By WGM Alina l'Ami
Is there anything left untold, unheard, unrequited or unseen amidst the far-famed facts, the re-re-retold pages of history or the omnipresent clichés about the most known city on earth?!
Until I find a clear answer to that: welcome to the city with an overwhelming personality, a city that you cannot replace with any other, a giant you cannot avoid nor ignore, the epicenter of fantasies and dreams, a place that exudes a perpetual seduction, always the same and always different – welcome to Paris!
In its two syllables, the French metropolis enclosed titles that any corner of the planet would be jealous for: an absolute cultural landmark, an inexhaustible source of inspiration, the quintessence of elegance and refinement, the capital of glorious food and stylish shopping, the place where you helplessly fall in love...Paris is always a good idea.
With its charming character, with that unique je ne sais quoi, Paris has enticed for centuries many of the world’s most influential artists, writers, thinkers and architects to call it home and become...'Parisophiles'. Can we still then act surprised that one of the most important pages in our chess history has been written here, in Paris?!
Just a few iconic symbols
Back in 1924, on 20th July to be precise, the city was the silent witness to the birth of what has grown to be a very special part in all of us: FIDE. Interesting to note is the French term which hasn’t been changed in almost a century: Fédération Internationale des Échecs, the world chess federation for the English speakers. Its roots date back to the 18th and 19th century, most probably in Café de la Régence, the chess heart which at the time couldn’t beat elsewhere than in the French capital. After all, if artists have no other home in Europe, except Paris, I would take the liberty to speculate even further: the chess seeds couldn’t have found a more fertile ground than in the city on the Seine.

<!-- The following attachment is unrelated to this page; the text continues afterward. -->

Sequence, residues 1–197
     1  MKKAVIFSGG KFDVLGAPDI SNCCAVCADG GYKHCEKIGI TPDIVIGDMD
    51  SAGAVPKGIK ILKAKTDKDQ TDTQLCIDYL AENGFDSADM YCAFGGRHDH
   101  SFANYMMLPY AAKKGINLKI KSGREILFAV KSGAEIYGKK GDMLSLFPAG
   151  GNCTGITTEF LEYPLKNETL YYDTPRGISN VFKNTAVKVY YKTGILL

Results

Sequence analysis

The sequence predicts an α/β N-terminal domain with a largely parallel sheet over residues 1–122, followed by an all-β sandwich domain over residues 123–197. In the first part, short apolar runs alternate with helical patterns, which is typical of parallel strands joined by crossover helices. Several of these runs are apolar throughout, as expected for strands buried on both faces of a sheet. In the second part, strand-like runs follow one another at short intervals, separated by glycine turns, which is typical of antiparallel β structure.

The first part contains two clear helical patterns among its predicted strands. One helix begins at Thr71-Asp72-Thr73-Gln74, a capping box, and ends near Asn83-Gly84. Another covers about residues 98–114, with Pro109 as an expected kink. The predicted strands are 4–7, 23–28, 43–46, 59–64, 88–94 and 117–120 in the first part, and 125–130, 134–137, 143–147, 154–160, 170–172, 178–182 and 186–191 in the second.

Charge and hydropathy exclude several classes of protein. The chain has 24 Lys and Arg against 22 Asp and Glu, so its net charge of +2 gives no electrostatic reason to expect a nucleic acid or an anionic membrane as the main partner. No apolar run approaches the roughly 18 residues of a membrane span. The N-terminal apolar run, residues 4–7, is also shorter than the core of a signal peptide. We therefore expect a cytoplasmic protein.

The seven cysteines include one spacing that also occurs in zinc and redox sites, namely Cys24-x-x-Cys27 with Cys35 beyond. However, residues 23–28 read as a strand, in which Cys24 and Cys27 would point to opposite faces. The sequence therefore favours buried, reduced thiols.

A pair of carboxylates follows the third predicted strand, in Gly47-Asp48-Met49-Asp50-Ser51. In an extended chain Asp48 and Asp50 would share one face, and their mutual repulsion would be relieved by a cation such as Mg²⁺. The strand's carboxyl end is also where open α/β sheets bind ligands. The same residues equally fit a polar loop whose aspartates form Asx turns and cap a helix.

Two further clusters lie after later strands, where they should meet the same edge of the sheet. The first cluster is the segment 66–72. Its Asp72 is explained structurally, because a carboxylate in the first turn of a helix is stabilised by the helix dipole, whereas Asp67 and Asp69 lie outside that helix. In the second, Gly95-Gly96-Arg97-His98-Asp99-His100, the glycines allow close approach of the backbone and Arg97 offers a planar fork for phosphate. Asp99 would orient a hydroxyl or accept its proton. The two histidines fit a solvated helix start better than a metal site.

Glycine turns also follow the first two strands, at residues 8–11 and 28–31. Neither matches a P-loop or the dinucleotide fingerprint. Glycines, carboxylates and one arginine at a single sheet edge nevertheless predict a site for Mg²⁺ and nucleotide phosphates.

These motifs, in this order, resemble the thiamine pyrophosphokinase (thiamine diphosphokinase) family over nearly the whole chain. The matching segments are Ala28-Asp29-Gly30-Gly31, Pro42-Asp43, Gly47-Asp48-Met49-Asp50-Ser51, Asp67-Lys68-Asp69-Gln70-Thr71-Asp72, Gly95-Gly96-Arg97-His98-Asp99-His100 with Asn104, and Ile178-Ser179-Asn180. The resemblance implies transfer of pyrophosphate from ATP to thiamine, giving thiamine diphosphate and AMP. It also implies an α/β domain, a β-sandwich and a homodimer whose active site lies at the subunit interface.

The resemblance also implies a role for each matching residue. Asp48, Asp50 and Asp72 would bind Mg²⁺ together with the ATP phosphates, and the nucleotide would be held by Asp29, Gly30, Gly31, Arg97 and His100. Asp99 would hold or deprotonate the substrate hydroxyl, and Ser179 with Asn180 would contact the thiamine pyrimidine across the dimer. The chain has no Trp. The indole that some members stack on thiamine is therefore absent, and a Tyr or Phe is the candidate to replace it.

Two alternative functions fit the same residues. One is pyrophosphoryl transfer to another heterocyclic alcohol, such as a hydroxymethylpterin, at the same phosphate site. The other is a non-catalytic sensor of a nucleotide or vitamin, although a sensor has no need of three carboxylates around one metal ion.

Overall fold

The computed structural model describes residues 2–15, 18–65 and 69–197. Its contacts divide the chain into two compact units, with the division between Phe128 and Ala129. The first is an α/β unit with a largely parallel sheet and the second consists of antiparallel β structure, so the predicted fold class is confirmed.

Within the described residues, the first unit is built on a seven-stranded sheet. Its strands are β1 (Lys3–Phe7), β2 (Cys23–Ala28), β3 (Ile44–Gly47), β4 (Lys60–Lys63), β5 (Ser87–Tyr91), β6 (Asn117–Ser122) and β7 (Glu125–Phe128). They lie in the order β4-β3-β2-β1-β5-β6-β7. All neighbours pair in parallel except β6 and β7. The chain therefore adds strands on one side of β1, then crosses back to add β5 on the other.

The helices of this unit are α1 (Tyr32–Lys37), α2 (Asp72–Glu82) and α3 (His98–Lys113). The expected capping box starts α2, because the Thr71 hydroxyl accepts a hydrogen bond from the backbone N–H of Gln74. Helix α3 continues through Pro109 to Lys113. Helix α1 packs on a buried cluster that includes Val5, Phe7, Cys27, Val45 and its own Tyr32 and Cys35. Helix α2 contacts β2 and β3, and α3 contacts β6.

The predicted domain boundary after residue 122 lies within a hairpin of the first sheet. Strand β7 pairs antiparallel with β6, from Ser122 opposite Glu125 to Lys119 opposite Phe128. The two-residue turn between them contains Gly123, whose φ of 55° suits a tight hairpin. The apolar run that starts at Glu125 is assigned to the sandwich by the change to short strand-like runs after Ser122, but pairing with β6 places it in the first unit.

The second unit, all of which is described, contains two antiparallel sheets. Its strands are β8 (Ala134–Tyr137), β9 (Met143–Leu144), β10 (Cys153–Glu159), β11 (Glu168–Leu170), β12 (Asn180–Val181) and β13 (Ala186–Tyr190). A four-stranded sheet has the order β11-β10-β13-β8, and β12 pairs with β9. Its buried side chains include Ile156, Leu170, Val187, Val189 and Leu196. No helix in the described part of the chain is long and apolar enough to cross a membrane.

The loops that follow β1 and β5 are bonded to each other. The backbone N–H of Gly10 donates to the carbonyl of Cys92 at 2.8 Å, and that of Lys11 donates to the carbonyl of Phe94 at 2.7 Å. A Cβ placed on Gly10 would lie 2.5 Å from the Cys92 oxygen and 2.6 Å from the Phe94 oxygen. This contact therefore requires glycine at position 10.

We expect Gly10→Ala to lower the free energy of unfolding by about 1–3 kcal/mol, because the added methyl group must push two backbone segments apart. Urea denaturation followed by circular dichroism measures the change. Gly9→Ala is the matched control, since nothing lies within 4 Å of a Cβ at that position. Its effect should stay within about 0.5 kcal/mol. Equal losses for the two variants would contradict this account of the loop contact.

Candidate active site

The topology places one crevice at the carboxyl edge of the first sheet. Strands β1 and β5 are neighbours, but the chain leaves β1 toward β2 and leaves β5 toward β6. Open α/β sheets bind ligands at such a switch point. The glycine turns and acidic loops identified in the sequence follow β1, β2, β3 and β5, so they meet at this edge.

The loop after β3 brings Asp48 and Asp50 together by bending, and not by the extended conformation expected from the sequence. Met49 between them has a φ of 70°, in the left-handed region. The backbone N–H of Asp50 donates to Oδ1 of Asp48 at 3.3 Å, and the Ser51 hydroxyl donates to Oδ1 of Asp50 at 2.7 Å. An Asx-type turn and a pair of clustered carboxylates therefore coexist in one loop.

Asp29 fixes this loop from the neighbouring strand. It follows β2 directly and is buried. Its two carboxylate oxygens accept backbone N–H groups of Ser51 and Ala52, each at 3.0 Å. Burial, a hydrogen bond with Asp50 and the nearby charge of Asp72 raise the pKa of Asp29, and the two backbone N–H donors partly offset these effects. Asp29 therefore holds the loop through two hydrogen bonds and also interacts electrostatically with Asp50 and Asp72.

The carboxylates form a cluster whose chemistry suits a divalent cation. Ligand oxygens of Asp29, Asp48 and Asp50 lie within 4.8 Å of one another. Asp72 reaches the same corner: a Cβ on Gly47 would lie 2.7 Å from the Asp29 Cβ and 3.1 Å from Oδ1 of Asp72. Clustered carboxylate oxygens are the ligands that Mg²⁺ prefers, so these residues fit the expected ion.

But the "FIDE" acronym is not the only preserved French expression. Another commonly used term amongst chess players originates in the very same grand city: Grand Prix! Although these words are mostly associated with Formula one racing or combat sports like K-1, chess is no less than a highly competitive activity; after all, chess players are out there to 'kill', right?
The fortunate "Grand Prix" title stands at the present day for some of the most important events a chess player can find: the world championship cycle! Just for the profane in us, I will make a small detour to explain what it is all about. The most followed and acclaimed competition is obviously the match for the supreme title:
World Championship. We all know this year the battle will take place in India, between Carlsen and Anand. But how did they get there? To cut a long story short, FIDE came up with an ingenious and viable plan, to give the strongest chess players a fair chance. So, to challenge the world champion, one has to make his way to the:
Candidates tournament, a double round robin event with eight players, whose winner will play either Carlsen or Anand for the world title; who is then eligible to participate in this high class event? There are five ways to qualify:
1. A spot is already taken by the victim of the match from Chennai
2. Another one is granted to a player from the hosting country of the Candidates event
3. Two players will qualify on rating
4. Two players will be taken from the World Cup, thus first and second place from Tromsø
5. Two sits will be given to the best performances from the aforementioned Grand Prix competitions
Now we’re getting somewhere…there are six GP tournaments, spread over 2012 and 2013, and the strongest chess players are given the chance to play in four of them. That’s why you have seen the grandmasters shuffling around London, Tashkent, Zug, Thessaloniki and Beijing, the cities where the first five GP have been organized. At the end, two players will be considered the overall winners, qualifying for the Candidates tournament according to a clever system, of which you are probably aware of: